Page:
• select all inside the rail (still open for edit) right-click, and select Intersect Faces with->selection
  • after the intersection completes, delete the stray geometry where the profile juts beyond the ends of the now-coped rail.
  • scale the parts back to the real size

If that is too confusing, I’ll make an animation of the process - I have to leave now and don’t have time.


#5

<img src="/uploads/default/original/2X/2/2cea0b3dc2feaec99dfe2f3bfc3b1e8e560033d9.png" width="690"height=“392”>

While waiting for Mr. B to return, here’s a method using only native tools that can be done with any version of Sketchup. Working from the left:

1.Place tube components as needed. Let the tube being coped be plenty long. The waste side won’t cost anything and you won’t be filling the scrap bin.
2. Open the tube that isn’t getting coped and copy the outside surface to the clipboard with Ctrl+C (Command-C on Mac). Close this component to get out of Edit mode (use Esc). Then hide that component to get it out of your way for the moment. Open the other component which is getting coped and use Edit>Paste in Place to paste the copied surface.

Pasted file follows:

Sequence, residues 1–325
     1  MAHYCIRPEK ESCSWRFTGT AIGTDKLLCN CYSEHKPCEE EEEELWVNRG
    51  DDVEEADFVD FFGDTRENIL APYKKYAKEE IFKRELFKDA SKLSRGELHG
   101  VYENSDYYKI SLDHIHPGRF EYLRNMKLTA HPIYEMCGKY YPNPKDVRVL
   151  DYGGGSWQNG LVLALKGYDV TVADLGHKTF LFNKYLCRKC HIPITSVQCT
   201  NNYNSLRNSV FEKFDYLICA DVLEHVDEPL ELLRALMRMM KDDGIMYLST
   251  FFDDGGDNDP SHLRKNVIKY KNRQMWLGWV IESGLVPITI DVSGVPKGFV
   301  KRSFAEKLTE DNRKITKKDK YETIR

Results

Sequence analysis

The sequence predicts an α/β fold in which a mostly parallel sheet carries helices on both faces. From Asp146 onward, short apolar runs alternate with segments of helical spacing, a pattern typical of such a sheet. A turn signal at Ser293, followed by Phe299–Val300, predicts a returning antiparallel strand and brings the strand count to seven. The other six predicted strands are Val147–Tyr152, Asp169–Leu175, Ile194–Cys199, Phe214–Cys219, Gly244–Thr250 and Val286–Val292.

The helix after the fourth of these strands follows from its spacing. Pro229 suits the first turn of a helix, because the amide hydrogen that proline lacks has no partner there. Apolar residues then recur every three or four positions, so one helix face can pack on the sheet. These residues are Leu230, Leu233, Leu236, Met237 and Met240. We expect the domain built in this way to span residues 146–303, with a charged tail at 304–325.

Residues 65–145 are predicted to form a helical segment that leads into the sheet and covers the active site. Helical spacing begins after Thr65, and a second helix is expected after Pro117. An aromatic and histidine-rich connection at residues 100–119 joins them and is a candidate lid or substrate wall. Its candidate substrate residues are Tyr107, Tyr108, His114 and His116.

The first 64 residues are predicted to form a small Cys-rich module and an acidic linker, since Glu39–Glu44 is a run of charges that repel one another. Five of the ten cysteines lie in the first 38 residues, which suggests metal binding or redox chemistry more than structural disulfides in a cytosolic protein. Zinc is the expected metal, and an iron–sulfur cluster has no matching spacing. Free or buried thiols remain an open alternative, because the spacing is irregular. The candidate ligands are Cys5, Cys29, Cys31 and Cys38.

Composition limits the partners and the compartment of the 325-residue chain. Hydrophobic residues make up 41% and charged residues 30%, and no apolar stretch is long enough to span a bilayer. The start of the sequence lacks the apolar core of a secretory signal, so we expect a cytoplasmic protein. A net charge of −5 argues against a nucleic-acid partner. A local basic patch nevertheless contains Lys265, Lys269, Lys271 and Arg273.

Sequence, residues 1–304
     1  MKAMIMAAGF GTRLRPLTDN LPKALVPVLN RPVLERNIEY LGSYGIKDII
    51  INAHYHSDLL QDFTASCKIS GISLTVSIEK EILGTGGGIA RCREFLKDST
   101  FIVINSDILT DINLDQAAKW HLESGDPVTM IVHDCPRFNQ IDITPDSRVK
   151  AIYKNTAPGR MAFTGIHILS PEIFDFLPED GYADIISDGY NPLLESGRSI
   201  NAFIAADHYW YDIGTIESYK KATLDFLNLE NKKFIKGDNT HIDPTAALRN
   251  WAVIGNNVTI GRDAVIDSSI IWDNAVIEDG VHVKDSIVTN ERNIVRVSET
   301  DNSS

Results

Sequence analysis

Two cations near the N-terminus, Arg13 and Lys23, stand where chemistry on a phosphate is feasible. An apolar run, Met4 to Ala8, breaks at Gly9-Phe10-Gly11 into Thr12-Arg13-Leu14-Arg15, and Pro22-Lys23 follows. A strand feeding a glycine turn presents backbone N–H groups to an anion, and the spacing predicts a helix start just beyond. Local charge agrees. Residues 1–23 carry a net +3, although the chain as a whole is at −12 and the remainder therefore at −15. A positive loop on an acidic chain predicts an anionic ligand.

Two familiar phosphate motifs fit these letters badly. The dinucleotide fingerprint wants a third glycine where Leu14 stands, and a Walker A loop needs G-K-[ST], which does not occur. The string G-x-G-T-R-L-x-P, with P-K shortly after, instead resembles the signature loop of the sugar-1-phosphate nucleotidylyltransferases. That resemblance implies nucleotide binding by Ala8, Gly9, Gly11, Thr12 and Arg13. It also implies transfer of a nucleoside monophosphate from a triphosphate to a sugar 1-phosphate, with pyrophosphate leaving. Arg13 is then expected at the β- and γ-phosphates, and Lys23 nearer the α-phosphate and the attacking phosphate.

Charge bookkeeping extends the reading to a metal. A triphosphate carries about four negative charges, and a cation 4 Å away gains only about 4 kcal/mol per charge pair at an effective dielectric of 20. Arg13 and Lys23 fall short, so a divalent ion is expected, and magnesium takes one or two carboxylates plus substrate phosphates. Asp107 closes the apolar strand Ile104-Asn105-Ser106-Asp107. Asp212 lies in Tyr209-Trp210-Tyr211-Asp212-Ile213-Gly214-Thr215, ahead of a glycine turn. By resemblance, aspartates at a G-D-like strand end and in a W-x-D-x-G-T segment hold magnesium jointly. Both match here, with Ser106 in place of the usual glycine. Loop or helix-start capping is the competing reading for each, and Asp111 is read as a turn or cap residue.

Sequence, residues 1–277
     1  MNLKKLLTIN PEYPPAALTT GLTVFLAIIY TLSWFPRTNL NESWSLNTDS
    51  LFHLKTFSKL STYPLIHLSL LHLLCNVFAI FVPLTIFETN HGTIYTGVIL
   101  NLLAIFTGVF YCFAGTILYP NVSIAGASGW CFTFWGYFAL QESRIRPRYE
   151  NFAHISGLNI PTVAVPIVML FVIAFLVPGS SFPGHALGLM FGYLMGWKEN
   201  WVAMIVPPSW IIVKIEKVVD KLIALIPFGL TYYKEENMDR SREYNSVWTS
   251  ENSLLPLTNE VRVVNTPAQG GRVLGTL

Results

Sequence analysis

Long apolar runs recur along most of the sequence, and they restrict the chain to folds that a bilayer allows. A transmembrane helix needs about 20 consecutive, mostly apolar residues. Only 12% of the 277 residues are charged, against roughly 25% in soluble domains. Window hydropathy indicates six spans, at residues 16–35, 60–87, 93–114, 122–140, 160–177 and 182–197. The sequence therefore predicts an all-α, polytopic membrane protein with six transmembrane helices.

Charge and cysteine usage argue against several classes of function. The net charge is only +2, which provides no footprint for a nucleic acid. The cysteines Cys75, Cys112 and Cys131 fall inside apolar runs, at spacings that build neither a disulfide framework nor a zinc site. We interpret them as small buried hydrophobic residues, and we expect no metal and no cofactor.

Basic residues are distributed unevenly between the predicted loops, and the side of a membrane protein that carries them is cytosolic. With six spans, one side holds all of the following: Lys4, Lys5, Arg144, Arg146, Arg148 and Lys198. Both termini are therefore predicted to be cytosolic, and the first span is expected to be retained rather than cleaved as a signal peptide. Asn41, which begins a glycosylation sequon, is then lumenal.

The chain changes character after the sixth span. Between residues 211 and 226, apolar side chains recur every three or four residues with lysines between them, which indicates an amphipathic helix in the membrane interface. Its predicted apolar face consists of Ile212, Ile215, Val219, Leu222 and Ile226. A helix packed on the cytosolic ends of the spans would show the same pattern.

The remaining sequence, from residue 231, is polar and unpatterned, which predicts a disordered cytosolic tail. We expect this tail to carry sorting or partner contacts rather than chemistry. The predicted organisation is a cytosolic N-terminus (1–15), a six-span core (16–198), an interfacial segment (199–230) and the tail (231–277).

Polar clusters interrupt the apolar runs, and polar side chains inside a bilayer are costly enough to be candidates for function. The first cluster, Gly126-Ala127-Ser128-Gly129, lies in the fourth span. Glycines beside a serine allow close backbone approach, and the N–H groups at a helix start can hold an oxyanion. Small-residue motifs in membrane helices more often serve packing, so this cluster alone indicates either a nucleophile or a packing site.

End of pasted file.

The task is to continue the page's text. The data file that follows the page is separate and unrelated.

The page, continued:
3. Select the surfaces, right click and choose Intersect Faces>With Selected. Edges will be formed between the crossing surfaces.
4. Erase the tube on the waste side of the cope along with the surface from the other tube. Correct the face orientation in the coped area.
5. Unhide the other tube.


#6

Dave,

I’m assuming this method would work equally well with tubing that doesn’t intersect at a 90 degree angle? Most of the joints that I’ll be drawing will need to be at an acute angle.


#7

Yes. It’ll work with tubing that is at other angles.

Keep in mind that since SketchUp represents circles with a polygon of 24 sides (or more if you choose) the cuts can look a bit jagged. It probably won’t be a problem unless you are making close up views of the joints. You can make them look smoother by increasing the number of sides used to draw the circle for the tube but be conservative. Increasing the number of sides might make things look smoother but often that comes at the cost of more complicated work and reduced computer performance. Find a good balance that works for your needs.